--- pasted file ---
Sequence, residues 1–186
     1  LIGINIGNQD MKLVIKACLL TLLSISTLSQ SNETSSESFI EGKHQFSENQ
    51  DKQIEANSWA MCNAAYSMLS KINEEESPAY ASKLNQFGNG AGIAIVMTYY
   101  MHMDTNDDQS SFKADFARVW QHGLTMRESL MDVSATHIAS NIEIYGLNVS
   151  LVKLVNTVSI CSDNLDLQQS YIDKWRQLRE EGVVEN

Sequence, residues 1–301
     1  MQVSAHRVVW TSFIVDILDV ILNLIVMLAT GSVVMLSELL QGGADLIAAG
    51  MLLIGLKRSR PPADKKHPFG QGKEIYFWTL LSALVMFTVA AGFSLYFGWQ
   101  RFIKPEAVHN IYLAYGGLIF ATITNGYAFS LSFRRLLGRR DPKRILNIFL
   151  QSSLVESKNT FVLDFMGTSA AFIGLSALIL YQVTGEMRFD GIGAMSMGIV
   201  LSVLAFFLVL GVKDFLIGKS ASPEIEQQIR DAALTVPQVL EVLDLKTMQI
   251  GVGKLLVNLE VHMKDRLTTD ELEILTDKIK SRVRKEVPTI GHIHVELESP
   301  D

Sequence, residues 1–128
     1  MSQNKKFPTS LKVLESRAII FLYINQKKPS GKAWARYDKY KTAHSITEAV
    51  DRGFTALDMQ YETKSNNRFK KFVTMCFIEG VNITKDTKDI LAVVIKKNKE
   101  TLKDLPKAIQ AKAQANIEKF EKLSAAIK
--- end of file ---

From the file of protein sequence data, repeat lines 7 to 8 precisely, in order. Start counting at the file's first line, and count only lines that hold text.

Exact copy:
     1  MQVSAHRVVW TSFIVDILDV ILNLIVMLAT GSVVMLSELL QGGADLIAAG
    51  MLLIGLKRSR PPADKKHPFG QGKEIYFWTL LSALVMFTVA AGFSLYFGWQ